Why I’m Not Attending My 20-Year High School Class Reunion
This weekend — tomorrow, actually — is my 20 year High School class reunion, which means I’m, uh, 29. Again.
As everyone knows, the purpose for Facebook is to help you connect with old friends, like that girl who wouldn’t go with you to Homecoming, you know, to see if her life is in the crapper and she got what she deserved for snubbing you. So I’ve been using Facebook for it’s designated purpose, and I’ve found a bunch of the people I went to high school with, who, inexplicably, all seem to have great lives despite the fact that I pretty much never had a date in high school.
Since the reunion is tomorrow, many of them have been asking me whether I’m coming to the reunion. When I say, “No,” they want to know the reason, and so I tell them, “Because.” This reasoning seems to work well when I’m explaining to my son why he has to mow the lawn, but it doesn’t seem to be working with the old high school friends.
So, in order to avoid explaining this a hundred times, I decided to just write a simple blog post about it.
I actually alluded to this in another post some time ago, but basically the issue is this:
I’m not a fan of high-school Matt.
I’m a fan of perpetually-29 Matt. That guy is happy with himself, he’s confident, he makes loud noises on a guitar when he feels like it, drives a pretty cool car, mostly wears T-shirts to work, and has great taste in music and movies. He’s got a wonderful wife and a great family that are awesome to hang out with. He’s a pretty darn good software engineer and he doesn’t even feel nerdy about it (well, not TOO nerdy). He’s so dang funny that it is sinful. He feels free to be himself pretty much all the time and enjoys his life.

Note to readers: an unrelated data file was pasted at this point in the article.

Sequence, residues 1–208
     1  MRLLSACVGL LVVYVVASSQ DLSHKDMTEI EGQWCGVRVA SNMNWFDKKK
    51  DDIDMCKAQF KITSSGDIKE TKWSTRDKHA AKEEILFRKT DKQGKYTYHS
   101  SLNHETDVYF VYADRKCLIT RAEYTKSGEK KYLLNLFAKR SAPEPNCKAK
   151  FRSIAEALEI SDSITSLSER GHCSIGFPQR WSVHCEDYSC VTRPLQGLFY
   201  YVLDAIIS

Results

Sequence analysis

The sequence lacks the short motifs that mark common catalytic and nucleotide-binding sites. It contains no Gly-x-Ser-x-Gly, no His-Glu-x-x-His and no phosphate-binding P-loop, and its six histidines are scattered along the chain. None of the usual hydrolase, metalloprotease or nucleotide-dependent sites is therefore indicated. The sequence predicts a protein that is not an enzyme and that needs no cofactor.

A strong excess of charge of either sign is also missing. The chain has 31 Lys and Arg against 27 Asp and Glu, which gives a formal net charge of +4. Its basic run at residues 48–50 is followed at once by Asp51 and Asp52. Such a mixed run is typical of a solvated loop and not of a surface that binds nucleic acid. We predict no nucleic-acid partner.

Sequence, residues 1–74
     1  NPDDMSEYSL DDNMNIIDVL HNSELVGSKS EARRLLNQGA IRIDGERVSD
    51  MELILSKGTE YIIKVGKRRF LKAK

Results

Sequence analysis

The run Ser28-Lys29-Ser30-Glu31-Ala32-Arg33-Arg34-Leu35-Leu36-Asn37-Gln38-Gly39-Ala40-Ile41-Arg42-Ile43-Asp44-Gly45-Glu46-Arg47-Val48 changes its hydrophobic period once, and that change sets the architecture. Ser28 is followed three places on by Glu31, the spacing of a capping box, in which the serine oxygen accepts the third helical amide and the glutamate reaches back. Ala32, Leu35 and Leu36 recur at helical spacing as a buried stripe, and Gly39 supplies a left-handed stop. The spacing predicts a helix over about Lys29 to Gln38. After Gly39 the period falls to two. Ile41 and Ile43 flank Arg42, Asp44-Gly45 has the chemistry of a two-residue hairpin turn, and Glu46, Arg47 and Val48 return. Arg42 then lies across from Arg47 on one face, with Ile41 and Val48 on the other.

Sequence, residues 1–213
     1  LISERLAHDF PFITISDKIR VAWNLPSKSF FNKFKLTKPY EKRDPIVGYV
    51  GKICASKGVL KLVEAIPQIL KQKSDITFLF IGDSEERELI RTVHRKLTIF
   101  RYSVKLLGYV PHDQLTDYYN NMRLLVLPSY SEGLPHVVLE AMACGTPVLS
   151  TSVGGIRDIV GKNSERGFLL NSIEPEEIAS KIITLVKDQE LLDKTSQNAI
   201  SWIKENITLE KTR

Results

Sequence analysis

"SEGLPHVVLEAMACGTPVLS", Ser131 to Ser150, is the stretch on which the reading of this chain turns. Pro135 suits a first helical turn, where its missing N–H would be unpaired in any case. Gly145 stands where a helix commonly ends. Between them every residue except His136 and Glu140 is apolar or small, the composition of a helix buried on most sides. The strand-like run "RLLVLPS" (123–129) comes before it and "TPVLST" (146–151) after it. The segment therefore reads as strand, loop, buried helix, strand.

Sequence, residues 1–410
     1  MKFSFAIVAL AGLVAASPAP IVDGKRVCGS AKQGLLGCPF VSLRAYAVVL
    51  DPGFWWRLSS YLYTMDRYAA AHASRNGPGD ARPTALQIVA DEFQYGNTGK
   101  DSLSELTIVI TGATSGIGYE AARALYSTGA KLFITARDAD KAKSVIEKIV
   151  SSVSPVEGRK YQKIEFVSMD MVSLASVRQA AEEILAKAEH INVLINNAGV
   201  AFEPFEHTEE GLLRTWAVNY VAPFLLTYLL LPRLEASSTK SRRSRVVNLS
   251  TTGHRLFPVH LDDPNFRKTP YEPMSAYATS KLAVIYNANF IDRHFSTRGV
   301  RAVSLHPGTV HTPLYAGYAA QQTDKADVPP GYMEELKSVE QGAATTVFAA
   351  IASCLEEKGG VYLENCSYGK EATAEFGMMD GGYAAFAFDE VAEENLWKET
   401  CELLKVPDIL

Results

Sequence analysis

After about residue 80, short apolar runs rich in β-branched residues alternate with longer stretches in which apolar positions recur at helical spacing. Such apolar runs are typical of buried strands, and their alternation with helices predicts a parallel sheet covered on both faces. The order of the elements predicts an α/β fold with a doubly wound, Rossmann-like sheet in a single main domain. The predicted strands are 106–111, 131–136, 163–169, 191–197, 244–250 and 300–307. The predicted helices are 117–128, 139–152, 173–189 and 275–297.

He’s not like high-school Matt at all. High school Matt was ignored because he wasn’t athletic and ridiculed because he was smart. High school Matt carried labels given him by other people that worked so well even HE thought that’s what he was like. He didn’t feel good about himself for who he was and instead kept trying to pretend he was someone he wasn’t and fit in with a crowd of people that he didn’t fit with and date the girls who weren’t interested in dating him. Even worse, he ignored the crowd he could have fit with and the girls he could have dated instead. He was a poser and a fake, someone who didn’t value his own abilities and instead kept trying to make himself into something he wasn’t.
Whenever I’m around high school people again, high-school Matt tries to come out. I don’t like high-school Matt. He makes me feel ashamed of myself, not only of my past but of who I am now, almost as though who I am today is not good enough even though I’m quite happy with it. He makes me act like someone I’m not, someone I don’t like, someone like him. So I try to keep him hidden.
And the best way to keep him hidden is to avoid situations where he insists on coming out. And if I go to the reunion, he will insist.
I’ve really enjoyed catching up with those friends on Facebook and hearing about their lives today. I’m not really interested in letting high-school Matt come out to feel like a loser again in person.
So, thanks anyway, but I won’t be going. Don’t be offended. Or, take offense, whatever, I don’t care. High-school Matt is obsessed with what you think of him, but that dude is gone. The current version wants to be your friend, but only at face value. Otherwise, nevermind.